So now I'm have fun.
 
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marvelous65

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That's fine. You definitely don't need to be a hardass or anything. Modest training will develop modest skills. :)
Why just kicks and knees on the bob?

There is one thing that is pretty important. You have to have things you can hit. Without something you can hit really hard, you won't know what it feels like to land a solid blow. It's kind of hard to explain.
When I was little and I was just starting in staff stuff, I didn't have any targets to hit hard. When I got my first heavybag (a military canvas bag filled with jeans and whatnot) I was confident I could hit it hard and well without trouble. For the most part, my quick and flashy technique didn't have any power, and got caught up whenever I was in close quarters. Many of my moves didn't work at all because the bag stops the staff and wouldn't all me to just push through it like I had a lightsaber.
The moral was that you need to know how to connect blows, and what that feels like, before you try getting advanced. If you don't know what it feels like to punch correctly (which you can learn from pounding on things) then you'll probably be doing a lot of bad punching with all your shadowboxing. They might feel crisp, but lack leverage or power. You don't necessarily want to be punching super hard when you're shadowboxing, but.....this is hard to explain in just text You get what I mean right?

I haven't been boxing against my BoB much because it slides around and I have to keep putting back in place disrupting my flow. I've been training punch movements with wrist weights and kettlebells.
 
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marvelous65

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May I inquire as to what type of kicks you plan on developing?
And what kind of kneeing? What will your footwork be for both the kicks and knees. Will you be lifting your heel off the ground or having it planted? Will you be pivoting the supporting foot or stepping on the kick?
When punching will you be using a vertical fist, a diagonal fist, a horizontal fist. Will you also be doing hammer fist and back fists. Will the punches be a whipping back fist or a pre-cantered fist. Will you be doing circular punching, dropping punches, dropping step punching, rotating body punching etc. All of these are Basic Fundamental things within the different ways to strike. What modest skills are you working to develop?
Gloved hands, wrapped hands, or bare knuckled? All are different and how one strikes with them is a basic.
Kettlebell training for strength, cardio, bodybuilding or flexibility? All are different.

I'm not doing any of this. When I say modest skills I mean balance, speed, timing and power. Remember I'm just looking for martial arts to compliment my intellectual pursuits. But I've mentioned this before - I don't know why I have to be a serious student of the martial arts in order to be one at all. At the coffee shop where I play chess we have players of a wide range of ability. Some study some don't. The ones that don't don't win as often but we don't judge them as being less equipped to play the game than the rest of us. It's is too bad you can't view martial arts in a similar light.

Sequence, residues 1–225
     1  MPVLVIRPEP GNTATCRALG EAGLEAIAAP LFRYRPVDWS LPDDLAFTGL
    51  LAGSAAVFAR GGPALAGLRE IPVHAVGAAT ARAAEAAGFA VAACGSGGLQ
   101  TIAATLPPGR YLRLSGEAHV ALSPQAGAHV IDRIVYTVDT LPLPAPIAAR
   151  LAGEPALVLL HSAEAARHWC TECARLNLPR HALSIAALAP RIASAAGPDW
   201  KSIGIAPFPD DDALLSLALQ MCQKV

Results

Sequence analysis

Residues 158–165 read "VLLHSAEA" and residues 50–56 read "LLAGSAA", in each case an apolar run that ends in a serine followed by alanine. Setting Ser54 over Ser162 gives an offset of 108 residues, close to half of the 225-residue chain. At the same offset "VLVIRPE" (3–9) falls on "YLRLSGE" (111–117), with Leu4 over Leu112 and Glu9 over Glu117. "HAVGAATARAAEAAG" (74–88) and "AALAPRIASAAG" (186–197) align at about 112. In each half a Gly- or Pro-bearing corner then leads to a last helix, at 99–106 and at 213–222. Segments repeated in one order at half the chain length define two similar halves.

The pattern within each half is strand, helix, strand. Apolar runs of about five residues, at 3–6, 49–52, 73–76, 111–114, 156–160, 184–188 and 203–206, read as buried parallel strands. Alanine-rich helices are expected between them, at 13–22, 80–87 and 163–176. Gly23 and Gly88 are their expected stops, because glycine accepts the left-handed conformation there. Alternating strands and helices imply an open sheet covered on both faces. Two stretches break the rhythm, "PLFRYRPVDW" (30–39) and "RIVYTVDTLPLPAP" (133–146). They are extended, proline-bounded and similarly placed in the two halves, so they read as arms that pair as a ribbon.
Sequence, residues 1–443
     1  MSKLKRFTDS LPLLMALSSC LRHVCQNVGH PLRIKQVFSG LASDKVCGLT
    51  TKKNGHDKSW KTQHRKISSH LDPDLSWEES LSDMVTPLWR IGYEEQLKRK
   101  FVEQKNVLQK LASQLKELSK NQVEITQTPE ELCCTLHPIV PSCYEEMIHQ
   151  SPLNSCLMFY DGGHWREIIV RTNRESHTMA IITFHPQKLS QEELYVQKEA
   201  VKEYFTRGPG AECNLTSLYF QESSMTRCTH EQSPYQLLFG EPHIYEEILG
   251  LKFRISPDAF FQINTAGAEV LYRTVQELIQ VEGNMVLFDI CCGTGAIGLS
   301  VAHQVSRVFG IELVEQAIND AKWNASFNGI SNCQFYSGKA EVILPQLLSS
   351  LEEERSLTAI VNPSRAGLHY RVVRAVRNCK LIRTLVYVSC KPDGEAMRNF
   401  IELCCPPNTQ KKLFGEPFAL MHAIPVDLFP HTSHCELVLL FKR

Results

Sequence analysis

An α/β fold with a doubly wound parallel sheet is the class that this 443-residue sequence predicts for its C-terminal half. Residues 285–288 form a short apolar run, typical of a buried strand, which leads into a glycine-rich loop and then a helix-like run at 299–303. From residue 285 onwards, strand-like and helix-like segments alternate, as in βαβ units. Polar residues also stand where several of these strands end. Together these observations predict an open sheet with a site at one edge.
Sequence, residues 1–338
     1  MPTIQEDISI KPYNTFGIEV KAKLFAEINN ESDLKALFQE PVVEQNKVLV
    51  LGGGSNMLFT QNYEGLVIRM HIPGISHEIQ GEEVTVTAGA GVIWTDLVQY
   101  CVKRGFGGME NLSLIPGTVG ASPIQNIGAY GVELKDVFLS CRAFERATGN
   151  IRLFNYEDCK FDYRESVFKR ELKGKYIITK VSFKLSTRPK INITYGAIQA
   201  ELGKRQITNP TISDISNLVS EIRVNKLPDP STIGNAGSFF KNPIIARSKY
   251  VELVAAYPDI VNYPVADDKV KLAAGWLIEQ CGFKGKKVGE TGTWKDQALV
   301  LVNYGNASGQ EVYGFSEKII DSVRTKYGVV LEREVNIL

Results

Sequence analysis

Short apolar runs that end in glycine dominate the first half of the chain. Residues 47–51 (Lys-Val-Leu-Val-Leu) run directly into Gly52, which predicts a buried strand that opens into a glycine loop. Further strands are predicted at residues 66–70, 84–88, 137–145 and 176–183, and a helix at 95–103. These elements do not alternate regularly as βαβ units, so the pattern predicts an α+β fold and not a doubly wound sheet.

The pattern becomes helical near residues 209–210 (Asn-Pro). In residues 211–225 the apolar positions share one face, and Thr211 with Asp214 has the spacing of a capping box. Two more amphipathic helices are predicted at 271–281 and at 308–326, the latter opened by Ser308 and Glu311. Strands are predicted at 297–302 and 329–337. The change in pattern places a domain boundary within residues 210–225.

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marvelous65

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I wish you the best of luck. I really do. Just consider that if you want to be able to play tennis, you need people to play tennis with. You need partners who will help you develop the timing and allow you to cultivate the technique.

Even in chess, you need an opponent. While you might have the advantage of being able to play against a computer, you still need some resistance in order to improve. On your own, you'll only get so far.

If that's what you want, great. Have fun. But, you asked a question and seem unhappy with the answer you received. There's a disconnect here that you are reacting to, whether you want to acknowledge it or not.


Maybe you came into this thread late and did not catch all the details. Early people told me a I needed a teacher and I eventually conceded this. I am going to have someone give me pointers on my training. And secondly, I fully intend on picking up a sparring partner once the snow melts and I have space to utilize for such a purpose. Every time I concede a point or explain that my ideas and wants do not contradict what all of you are prescribing you ignore this and just argue that I need to take martial arts more serious. There is no reason why I can't ascribe to a moderate amount of martial arts training and still find it rewarding. Period.
 
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marvelous65

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All of you have convinced me that I need a teacher. I have conceded it. You argue that I need to have others I spar to gain a sense of applicability to my learning. And that is something I never contested. Outside of that I have to take martial arts more seriously to get anything out of them - what basis do any of you have for continuing to post on this thread. Earlier in this thread, I thought I was just having some fun with debate against knowledgeable martial artists. I thought it important that I defend my stance that I needn't be a serious student of the martial arts. But now this argument is dragging on, and from my perspective, it seems, you all are continuing despite having progressively less and less ground to stand on. I'm starting to lose respect for all of you. :(